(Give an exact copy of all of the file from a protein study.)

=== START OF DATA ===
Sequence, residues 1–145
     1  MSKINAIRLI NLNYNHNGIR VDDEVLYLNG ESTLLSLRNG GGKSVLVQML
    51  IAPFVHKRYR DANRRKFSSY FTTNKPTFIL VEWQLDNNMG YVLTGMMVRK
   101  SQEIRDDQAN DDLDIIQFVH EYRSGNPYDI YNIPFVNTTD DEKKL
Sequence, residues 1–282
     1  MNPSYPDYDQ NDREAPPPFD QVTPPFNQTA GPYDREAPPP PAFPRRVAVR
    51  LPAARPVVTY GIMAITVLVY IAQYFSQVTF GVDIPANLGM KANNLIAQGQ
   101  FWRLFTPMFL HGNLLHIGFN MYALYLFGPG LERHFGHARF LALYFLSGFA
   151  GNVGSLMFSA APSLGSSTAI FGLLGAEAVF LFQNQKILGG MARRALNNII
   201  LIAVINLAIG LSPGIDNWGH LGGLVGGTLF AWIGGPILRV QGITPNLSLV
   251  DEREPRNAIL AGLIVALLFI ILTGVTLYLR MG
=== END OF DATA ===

Sequence, residues 1–145
     1  MSKINAIRLI NLNYNHNGIR VDDEVLYLNG ESTLLSLRNG GGKSVLVQML
    51  IAPFVHKRYR DANRRKFSSY FTTNKPTFIL VEWQLDNNMG YVLTGMMVRK
   101  SQEIRDDQAN DDLDIIQFVH EYRSGNPYDI YNIPFVNTTD DEKKL
Sequence, residues 1–282
     1  MNPSYPDYDQ NDREAPPPFD QVTPPFNQTA GPYDREAPPP PAFPRRVAVR
    51  LPAARPVVTY GIMAITVLVY IAQYFSQVTF GVDIPANLGM KANNLIAQGQ
   101  FWRLFTPMFL HGNLLHIGFN MYALYLFGPG LERHFGHARF LALYFLSGFA
   151  GNVGSLMFSA APSLGSSTAI FGLLGAEAVF LFQNQKILGG MARRALNNII
   201  LIAVINLAIG LSPGIDNWGH LGGLVGGTLF AWIGGPILRV QGITPNLSLV
   251  DEREPRNAIL AGLIVALLFI ILTGVTLYLR MG